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I Saw Her Standing There
The Beatles
Genre Rock'n'Roll
Written by Paul McCartney
Released 22 March 1963
Album Please Please Me
Also featured on Introducing...The Beatles
Recorded 11 February 1963
Length 2:55
Label Parlophone
Producer George Martin
Please Please Me guide
Introducing...The Beatles guide

I Saw Her Standing There is the opening track of Please Please Me, the Beatles' debut album, and was written mainly by Paul McCartney and released on March 22, 1963.

The song was released as the B-side of "I Want to Hold Your Handin the United States in December 26, 1963. It entered the Billboard Hot 100 two months later, peaking at number 14, and stayed there for 11 weeks. The song has recieved positive reception from critics and has been covered multiple times.


The song was a Lennon and McCartney collaboration based on McCartney's initial idea. Originally titled "Seventeen", the song was apparently conceived by McCartney while driving home from a Beatles' concert in Southport, Lancashire as a modern take on the traditional song As I Roved Out, a version of Seventeen Come Sunday that he had heard in Liverpool in 1960. The song was later completed at his Forthlin Road home with Lennon. McCartney later described in Beat Instrumental how he went about the song's composition: "Here’s one example of a bit I pinched from someone: I used the bass riff from 'Talkin’ About You' by Chuck Berry in 'I Saw Her Standing There'. I played exactly the same notes as he did and it fitted our number perfectly. Even now, when I tell people, I find few of them believe me; therefore, I maintain that a bass riff hasn’t got to be original". The lyrics were written on a Liverpool Institute exercise book. Remember, a book by McCartney's brother Mike McCartney, includes a photograph of Lennon and McCartney writing the song while strumming guitars and reading the exercise book. It was typical of how Lennon and McCartney would work in partnership, as McCartney later commented: "I had 'She was just seventeen,' and then 'never been a beauty queen'. When I showed it to John, he screamed with laughter, and said 'You're joking about that line, aren't you?'" "We came up with, 'You know what I mean.' Which was good, because you don't know what I mean" (Barry Miles. Paul McCartney: Many Years From Now), "It was one of the first times he ever went 'What? Must change that...'" Lennon said: "That's Paul doing his usual good job of producing what George Martin used to call a 'potboiler'. I helped with a couple of the lyrics." (David Sheff. John Lennon: All We Are Saying). The songwriting credit on the Please Please Me liner notes is "McCartney–Lennon" which differs from the more familiar "Lennon–McCartney" that appears on subsequent releases.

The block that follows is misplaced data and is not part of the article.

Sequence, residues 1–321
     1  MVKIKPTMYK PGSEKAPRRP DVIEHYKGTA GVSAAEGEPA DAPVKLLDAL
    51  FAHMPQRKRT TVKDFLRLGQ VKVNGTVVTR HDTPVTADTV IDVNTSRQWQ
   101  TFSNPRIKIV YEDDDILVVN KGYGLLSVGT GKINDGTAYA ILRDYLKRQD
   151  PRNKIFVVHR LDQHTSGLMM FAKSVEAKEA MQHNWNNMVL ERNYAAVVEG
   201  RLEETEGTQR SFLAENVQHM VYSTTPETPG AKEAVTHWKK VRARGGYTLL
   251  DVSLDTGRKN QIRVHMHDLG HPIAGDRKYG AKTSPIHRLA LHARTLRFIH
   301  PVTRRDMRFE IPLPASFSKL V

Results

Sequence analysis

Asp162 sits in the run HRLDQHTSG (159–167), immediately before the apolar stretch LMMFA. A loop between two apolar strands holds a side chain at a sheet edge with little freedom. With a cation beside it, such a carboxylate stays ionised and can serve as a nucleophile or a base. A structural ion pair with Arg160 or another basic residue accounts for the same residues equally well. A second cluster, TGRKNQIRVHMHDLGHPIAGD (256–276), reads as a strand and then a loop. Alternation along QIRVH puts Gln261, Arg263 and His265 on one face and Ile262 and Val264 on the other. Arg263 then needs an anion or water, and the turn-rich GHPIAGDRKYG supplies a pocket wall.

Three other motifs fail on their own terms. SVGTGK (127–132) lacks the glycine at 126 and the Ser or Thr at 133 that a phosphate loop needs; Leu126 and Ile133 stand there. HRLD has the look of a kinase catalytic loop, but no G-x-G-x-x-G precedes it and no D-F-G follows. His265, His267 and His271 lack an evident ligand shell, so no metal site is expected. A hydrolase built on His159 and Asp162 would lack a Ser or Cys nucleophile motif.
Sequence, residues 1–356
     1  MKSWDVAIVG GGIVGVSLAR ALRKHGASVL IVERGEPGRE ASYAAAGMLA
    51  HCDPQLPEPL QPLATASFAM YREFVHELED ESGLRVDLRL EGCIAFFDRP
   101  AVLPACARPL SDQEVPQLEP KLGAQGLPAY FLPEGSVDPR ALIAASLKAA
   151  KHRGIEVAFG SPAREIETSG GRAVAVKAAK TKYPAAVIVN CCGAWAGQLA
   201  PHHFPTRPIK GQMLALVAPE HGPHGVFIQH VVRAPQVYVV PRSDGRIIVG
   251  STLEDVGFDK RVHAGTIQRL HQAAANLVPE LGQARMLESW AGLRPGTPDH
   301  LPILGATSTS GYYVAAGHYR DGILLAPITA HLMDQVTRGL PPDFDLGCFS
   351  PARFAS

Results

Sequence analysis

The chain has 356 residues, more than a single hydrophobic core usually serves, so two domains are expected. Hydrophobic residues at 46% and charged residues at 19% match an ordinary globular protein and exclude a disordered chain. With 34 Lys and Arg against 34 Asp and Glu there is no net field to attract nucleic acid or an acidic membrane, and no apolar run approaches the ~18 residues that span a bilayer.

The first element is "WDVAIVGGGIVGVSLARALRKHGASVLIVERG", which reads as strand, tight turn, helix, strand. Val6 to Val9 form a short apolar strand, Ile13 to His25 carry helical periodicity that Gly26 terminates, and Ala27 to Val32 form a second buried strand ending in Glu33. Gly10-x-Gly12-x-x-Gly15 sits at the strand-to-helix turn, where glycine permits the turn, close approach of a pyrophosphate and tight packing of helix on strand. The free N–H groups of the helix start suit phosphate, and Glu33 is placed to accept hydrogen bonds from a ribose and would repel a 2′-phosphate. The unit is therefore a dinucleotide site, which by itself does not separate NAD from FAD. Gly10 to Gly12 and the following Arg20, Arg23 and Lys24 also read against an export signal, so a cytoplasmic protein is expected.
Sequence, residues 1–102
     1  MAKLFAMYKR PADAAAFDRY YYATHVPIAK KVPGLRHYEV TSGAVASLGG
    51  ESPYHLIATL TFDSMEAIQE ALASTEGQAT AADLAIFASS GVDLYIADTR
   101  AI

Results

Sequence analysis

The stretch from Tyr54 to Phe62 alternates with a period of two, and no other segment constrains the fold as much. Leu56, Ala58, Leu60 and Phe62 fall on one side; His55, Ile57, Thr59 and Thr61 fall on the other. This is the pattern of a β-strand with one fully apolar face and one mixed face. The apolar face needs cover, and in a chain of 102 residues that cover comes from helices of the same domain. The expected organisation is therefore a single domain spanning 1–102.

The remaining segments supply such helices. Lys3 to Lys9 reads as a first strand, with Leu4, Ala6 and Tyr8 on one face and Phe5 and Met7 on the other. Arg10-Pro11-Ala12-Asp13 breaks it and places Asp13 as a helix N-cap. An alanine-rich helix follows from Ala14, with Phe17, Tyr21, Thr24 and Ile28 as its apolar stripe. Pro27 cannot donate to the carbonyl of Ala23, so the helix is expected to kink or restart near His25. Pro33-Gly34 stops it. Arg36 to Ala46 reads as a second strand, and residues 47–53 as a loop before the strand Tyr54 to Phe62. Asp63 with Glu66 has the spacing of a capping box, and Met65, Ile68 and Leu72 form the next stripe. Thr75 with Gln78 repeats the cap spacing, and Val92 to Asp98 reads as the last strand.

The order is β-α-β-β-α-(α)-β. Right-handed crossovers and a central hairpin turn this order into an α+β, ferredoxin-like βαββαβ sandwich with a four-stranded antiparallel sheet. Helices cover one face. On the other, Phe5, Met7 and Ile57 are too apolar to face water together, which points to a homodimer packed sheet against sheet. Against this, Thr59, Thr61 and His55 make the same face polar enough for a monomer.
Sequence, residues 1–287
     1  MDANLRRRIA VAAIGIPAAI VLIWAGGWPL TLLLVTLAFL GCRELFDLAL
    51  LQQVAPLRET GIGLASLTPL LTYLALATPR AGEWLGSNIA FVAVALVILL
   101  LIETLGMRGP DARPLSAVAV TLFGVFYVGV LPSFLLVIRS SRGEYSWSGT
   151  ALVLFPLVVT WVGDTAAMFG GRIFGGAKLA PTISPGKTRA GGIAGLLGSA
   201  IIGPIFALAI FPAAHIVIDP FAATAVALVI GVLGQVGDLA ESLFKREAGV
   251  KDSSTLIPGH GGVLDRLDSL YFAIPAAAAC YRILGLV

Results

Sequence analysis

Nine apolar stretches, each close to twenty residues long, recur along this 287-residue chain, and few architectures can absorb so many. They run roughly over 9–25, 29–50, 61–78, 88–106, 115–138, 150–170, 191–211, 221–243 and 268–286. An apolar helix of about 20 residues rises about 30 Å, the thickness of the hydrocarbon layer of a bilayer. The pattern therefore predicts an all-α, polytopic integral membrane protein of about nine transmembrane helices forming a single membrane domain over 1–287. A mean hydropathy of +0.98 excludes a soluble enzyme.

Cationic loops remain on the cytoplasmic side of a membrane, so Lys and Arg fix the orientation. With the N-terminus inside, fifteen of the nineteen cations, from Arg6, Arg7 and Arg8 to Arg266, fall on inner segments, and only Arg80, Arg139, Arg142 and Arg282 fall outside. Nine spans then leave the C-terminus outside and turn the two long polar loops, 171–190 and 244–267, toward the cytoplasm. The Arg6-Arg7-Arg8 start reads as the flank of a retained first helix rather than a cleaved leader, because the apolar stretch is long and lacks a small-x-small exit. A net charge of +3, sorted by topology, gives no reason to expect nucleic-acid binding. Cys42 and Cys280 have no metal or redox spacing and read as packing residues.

The first live recording (a slow version of the song) was made at the Cavern Club at the end of 1962. Lennon didn't play rhythm guitar; he played harmonica in the introduction and during the verses. Lennon and McCartney laughed when they sing "Well we danced all night/And I held her tight/And I held her in mine" second time.

The song was recorded at EMI Studios on February 1963 and engineered by Norman Smith, as part of the marathon recording session that produced 10 of the 14 songs on Please Please Me. The Beatles were not present for the mixing session on February 25, 1963. It was not common for band to present at such sessions at the time.

On the album, the song starts with the rousing "One, two, three, four!" count-in by McCartney. Usually, these count-ins are edited off the final audio mix. However, record producer George Martin wanted to create the effect that the album was a live performance: "I have been up to the Cavern and I've seen what they could do, I knew their repertoire, and I said 'Let's record every song you've got, come down to the studios and we'll just whistle through them in a day.'" Martin took the count-in from take 9, which was considered 'especially spirited' and spliced it onto Take 1. Music journalist Richard Williams suggested that this dramatic introduction to their debut album was just as stirring as Elvis Presley's "Well it's one for the money, two for the show..." on his opening track, "Blue Suede Shoes", for his debut album seven years earlier. In addition it also made the point that the Beatles were a performing band as, at the time, they opened their live set with this song. One the first American release of the song, issued on Vee-Jay Records, the count was edited out-but the "Four!" is still audible.

The full take 9 version of the song appears on the Free as a Bird CD single as a B side, released for the first time.


  • British LP: Please Please Me
  • British EP: The Beatles (No.1)
  • American LP: Introducing... The Beatles
  • American Single: "I Want to Hold Your Hand"
  • American LP: Meet the Beatles!


Critical acclaim[]

Carr and Tyler in the Beatles: An Illustrated Record, claimed it was only the third all-British rock classic up to that time, the previous two being Cliff Richard's "Move It" and Johnny Kidd's "Shakin All Over".

Later performance by the Beatles[]

  • A 1974 liver version was recorded by the Elton John Band with John Lennon and released as the B-side to the former's "Philadelphia Freedom" single. The song is available on the Lennon box set, and on Elton John's To Be Continued... box set as well as the expanded CD edition of his 1976 live album Here and There. Lennon's introduction: